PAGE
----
a small precompiler question

Discussion in 'C++' started by arjor, May 18, 2008.

  1. arjor

    arjor Guest

    hey guys

    i was wondering what's the difference between the following commands:

    #ifndef
    #if !defined

    looks to be the same or is it ?
     
    arjor, May 18, 2008
    #1
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  2. arjor

    Ian Collins Guest

    arjor wrote:

    [it's preprocessor, not precompiler]

    > hey guys
    >
    > i was wondering what's the difference between the following commands:
    >
    > #ifndef
    > #if !defined
    >
    > looks to be the same or is it ?


    They are synonymous.

    --
    Ian Collins.
     
    Ian Collins, May 18, 2008
    #2
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  3. arjor

    arjor Guest

    On 19 מ××™, 01:13, Ian Collins <> wrote:
    > arjor wrote:
    >
    > [it's preprocessor, not precompiler]
    >
    > > hey guys

    >
    > > i was wondering what's the difference between the following commands:

    >
    > > #ifndef
    > > #if !defined

    >
    > > looks to be the same or is it ?

    >
    > They are synonymous.
    >
    > --
    > Ian Collins.


    Thanks for the quick reply
     
    arjor, May 18, 2008
    #3
  4. arjor

    red floyd Guest

    Ian Collins wrote:
    > arjor wrote:
    >
    > [it's preprocessor, not precompiler]
    >
    >> hey guys
    >>
    >> i was wondering what's the difference between the following commands:
    >>
    >> #ifndef
    >> #if !defined
    >>
    >> looks to be the same or is it ?

    >
    > They are synonymous.
    >


    They are synonymous, except that !defined can be used in a preprocessor
    expression...

    e.g.:

    #if !defined(THIS) && defined(THAT)
     
    red floyd, May 19, 2008
    #4
  5. arjor

    Stefan Ram Guest

    red floyd <> writes:
    >>>i was wondering what's the difference between the following commands:
    >>>#ifndef
    >>>#if !defined

    >>They are synonymous.

    >They are synonymous, except that !defined can be used in a
    >preprocessor expression...


    This is not an exception to the assertion that these commands
    are synonymous, because assertions about whether »!defined«
    can be used in such an expression are not in the scope of the
    assertion of the synonymity of these two preprocessor
    commands.

    For another example, the statements »i++;« and »++i;« are
    synonymous, but the expressions »i++« and »++i« are not.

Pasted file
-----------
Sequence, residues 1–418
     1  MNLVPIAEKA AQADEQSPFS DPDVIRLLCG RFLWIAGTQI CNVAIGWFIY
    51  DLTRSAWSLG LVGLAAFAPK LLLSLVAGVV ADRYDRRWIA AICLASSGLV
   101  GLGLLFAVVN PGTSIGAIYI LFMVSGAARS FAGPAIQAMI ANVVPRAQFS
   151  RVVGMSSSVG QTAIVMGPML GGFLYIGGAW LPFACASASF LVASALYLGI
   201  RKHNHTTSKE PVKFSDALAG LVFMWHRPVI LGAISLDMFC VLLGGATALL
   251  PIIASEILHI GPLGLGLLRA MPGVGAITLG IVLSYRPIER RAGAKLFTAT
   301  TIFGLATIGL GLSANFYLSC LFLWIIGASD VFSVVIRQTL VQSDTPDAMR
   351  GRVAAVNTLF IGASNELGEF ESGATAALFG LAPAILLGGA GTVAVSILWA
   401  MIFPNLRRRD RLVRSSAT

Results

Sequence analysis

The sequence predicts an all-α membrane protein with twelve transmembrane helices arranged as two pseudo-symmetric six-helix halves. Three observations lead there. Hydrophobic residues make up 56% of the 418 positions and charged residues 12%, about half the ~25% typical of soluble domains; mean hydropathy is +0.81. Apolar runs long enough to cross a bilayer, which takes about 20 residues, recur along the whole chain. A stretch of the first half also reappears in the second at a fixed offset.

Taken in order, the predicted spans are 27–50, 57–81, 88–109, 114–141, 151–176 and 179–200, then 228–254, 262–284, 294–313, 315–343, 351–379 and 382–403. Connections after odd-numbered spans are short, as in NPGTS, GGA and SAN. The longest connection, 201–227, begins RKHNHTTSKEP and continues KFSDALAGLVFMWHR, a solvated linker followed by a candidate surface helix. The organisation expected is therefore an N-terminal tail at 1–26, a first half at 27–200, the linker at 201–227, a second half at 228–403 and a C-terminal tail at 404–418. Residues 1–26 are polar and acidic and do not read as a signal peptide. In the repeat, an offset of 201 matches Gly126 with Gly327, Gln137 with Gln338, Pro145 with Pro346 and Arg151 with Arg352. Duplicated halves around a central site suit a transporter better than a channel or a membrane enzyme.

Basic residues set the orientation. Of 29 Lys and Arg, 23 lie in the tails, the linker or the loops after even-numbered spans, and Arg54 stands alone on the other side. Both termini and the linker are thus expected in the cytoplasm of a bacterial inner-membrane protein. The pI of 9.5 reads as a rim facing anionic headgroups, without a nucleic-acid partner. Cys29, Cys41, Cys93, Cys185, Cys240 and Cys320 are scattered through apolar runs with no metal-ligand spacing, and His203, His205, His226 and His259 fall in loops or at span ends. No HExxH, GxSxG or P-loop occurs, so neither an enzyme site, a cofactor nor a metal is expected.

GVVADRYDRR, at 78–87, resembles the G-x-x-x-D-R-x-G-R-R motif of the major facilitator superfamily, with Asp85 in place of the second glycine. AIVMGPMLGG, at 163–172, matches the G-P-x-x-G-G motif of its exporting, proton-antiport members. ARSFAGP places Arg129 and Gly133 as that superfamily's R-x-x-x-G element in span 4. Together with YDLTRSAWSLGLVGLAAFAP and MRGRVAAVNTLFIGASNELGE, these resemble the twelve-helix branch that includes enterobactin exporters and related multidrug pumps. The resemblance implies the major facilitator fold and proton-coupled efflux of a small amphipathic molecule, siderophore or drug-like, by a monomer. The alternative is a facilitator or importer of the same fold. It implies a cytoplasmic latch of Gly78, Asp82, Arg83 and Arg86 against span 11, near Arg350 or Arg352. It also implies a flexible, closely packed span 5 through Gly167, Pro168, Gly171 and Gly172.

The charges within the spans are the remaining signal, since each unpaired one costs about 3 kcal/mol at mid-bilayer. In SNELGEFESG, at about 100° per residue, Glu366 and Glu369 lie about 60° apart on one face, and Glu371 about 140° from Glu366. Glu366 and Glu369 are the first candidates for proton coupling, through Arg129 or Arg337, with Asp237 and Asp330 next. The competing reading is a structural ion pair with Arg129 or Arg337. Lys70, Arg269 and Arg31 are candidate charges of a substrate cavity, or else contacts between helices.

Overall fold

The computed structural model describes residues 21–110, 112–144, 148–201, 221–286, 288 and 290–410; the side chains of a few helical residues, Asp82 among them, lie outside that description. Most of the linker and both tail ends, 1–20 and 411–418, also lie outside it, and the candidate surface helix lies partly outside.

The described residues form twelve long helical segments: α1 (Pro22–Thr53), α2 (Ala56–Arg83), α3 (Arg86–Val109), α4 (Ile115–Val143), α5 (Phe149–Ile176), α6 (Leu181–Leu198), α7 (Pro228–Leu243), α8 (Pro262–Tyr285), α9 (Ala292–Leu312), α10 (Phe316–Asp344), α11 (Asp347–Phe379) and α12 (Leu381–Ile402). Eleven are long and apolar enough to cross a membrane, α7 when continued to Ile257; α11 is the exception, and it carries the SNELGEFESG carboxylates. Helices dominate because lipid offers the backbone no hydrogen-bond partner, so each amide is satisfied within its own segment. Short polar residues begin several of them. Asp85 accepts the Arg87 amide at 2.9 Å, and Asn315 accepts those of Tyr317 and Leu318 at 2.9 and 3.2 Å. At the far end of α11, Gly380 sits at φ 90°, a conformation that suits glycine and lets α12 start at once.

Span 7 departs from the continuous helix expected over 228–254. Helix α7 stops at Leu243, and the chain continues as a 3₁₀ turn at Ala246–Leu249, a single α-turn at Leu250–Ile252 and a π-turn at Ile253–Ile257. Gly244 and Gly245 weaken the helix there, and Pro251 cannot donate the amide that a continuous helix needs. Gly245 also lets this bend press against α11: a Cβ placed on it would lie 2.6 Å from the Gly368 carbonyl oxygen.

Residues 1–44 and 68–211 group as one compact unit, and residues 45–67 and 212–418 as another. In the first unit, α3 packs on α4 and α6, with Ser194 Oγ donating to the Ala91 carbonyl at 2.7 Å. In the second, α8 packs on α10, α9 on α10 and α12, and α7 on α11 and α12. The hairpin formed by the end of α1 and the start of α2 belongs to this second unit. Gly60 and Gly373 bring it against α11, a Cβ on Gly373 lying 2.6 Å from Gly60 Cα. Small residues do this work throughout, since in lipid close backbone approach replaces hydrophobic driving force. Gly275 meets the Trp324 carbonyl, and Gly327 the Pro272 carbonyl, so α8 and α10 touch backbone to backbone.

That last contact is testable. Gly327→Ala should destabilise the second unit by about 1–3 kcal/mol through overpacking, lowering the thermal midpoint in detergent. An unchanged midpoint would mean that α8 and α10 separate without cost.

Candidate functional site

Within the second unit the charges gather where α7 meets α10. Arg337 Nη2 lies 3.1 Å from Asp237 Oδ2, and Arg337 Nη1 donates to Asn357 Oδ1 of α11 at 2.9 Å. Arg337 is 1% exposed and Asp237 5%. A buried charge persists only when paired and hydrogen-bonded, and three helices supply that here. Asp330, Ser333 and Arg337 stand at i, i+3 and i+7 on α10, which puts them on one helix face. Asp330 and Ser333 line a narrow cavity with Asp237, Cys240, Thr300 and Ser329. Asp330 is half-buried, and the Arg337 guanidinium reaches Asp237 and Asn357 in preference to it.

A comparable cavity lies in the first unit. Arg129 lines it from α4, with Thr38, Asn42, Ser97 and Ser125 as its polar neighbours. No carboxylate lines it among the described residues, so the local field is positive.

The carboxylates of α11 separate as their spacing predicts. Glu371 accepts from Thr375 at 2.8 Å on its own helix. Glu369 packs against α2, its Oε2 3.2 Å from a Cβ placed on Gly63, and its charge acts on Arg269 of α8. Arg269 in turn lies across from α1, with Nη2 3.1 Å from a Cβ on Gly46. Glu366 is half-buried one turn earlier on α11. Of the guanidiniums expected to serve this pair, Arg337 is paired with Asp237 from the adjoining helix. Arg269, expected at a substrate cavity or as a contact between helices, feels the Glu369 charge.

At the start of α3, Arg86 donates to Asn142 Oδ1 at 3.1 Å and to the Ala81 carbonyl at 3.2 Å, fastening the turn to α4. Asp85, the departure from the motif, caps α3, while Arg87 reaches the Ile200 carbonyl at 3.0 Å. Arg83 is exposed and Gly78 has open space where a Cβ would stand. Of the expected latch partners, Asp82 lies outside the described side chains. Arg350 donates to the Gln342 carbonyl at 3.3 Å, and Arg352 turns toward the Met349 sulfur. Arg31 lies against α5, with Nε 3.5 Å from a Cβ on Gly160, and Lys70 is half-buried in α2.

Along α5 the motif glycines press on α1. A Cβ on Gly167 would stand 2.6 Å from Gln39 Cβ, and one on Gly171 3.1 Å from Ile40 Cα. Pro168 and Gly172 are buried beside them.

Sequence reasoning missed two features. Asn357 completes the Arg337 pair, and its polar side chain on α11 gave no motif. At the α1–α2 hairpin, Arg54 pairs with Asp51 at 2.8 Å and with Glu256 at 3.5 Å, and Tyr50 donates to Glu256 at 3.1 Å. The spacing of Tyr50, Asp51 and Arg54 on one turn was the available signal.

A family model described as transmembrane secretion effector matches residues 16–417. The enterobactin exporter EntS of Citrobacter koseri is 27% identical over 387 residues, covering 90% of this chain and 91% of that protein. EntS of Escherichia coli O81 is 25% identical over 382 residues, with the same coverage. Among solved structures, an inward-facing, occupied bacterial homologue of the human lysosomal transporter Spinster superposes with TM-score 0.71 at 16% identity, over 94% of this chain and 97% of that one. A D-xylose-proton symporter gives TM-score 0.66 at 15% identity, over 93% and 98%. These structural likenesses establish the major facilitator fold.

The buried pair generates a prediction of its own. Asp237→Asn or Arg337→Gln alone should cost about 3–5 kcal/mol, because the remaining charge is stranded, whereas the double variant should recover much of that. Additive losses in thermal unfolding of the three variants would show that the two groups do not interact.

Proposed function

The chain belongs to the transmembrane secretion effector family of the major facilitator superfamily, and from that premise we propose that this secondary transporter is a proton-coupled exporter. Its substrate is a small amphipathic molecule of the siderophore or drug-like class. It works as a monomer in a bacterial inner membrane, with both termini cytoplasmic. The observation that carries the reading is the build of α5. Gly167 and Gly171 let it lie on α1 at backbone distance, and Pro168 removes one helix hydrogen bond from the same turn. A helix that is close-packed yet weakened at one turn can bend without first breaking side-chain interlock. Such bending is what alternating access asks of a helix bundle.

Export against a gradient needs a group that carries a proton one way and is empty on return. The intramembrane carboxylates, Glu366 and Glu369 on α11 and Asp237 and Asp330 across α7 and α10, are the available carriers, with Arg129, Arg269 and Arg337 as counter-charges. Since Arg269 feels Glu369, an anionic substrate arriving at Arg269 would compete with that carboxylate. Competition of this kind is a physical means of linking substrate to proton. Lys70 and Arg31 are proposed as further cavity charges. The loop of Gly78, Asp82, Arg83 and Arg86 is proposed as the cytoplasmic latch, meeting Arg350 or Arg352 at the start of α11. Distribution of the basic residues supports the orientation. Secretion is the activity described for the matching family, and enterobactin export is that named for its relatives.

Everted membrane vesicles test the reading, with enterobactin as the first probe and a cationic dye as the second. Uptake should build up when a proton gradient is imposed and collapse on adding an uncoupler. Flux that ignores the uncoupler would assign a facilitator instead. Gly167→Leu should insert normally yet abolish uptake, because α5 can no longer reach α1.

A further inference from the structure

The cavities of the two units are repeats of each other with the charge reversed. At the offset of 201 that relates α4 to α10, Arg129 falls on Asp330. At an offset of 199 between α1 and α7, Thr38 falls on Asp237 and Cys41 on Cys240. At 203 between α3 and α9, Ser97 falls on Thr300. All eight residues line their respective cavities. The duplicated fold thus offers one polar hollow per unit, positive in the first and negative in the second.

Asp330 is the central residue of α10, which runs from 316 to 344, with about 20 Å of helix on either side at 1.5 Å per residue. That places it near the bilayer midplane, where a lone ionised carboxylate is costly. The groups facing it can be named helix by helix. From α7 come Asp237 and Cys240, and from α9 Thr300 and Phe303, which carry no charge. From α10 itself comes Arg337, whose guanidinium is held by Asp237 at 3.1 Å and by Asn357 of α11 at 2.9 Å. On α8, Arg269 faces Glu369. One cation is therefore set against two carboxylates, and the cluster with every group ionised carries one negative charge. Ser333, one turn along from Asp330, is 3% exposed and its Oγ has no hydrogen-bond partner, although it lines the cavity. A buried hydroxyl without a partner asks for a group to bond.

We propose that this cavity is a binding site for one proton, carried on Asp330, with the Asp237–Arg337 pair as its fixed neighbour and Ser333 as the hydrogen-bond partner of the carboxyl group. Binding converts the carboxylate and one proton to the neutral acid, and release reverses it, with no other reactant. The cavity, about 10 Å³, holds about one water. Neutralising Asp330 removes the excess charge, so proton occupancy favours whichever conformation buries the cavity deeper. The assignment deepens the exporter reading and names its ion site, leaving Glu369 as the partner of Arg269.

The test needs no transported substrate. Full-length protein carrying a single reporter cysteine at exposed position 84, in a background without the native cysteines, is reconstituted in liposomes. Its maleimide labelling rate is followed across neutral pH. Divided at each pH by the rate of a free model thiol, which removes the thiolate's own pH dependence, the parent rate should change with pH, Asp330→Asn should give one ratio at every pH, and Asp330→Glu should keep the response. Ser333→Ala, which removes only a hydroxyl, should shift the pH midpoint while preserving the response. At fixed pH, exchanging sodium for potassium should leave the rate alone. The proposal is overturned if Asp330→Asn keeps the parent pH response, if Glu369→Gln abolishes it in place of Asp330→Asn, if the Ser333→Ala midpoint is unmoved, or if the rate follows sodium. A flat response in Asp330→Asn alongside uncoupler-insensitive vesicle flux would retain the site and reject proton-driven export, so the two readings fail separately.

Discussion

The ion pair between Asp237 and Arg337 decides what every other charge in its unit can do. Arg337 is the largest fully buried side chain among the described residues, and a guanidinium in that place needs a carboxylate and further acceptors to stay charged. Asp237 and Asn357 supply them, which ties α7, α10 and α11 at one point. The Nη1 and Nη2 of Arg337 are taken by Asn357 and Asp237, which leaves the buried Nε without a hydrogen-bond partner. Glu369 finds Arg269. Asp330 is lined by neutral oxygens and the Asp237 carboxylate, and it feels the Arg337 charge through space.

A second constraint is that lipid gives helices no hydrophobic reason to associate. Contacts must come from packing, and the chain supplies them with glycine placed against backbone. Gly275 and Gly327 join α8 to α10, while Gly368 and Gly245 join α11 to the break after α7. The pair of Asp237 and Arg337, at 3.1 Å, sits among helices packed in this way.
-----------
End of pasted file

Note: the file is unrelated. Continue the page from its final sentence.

But the assertion about the expressions is not an exception
    to the assertion about the statements.

    However, the above »preprocessor commands« actually are not
    commands at all, but directives - preprocessing directives.
     
    Stefan Ram, May 19, 2008
    #5
  6. arjor

    Jerry Coffin Guest

    In article <3e67744b-5027-49e6-987a-646f97e27f51@
    34g2000hsh.googlegroups.com>, says...
    > hey guys
    >
    > i was wondering what's the difference between the following commands:
    >
    > #ifndef
    > #if !defined
    >
    > looks to be the same or is it ?


    As-is, they're synonyms. The latter allows combinations of boolean logic
    such as:

    #if !defined(x) && !defined(y)

    which are clumsier to produce with #ifndef.

    --
    Later,
    Jerry.

    The universe is a figment of its own imagination.
     
    Jerry Coffin, May 19, 2008
    #6
  7. arjor

    James Kanze Guest

    On May 19, 2:23 am, -berlin.de (Stefan Ram) wrote:
    > red floyd <> writes:
    > >>>i was wondering what's the difference between the following commands:
    > >>>#ifndef
    > >>>#if !defined
    > >>They are synonymous.

    > >They are synonymous, except that !defined can be used in a
    > >preprocessor expression...


    > This is not an exception to the assertion that these commands
    > are synonymous, because assertions about whether »!defined«
    > can be used in such an expression are not in the scope of the
    > assertion of the synonymity of these two preprocessor
    > commands.


    Yes and no. In the first case, you have the preprocessor
    command #ifndef, in the second the preprocessor command #if. It
    really depends on what you consider is a "preprocessor command".

    > For another example, the statements »i++;« and »++i;« are
    > synonymous, but the expressions »i++« and »++i« are not.
    > But the assertion about the expressions is not an exception
    > to the assertion about the statements.


    Yes, but he clearly doesn't have a complete preprocessor
    directive in either case, since there's no symbol after the
    #ifndef or the defined.

    > However, the above »preprocessor commands« actually are not
    > commands at all, but directives - preprocessing directives.


    What he wrote are not legal preprocessing directives. More is
    needed. The first is considerably more restrictive with regards
    to what that more can be.

    --
    James Kanze (GABI Software) email:
    Conseils en informatique orientée objet/
    Beratung in objektorientierter Datenverarbeitung
    9 place Sémard, 78210 St.-Cyr-l'École, France, +33 (0)1 30 23 00 34
     
    James Kanze, May 19, 2008
    #7
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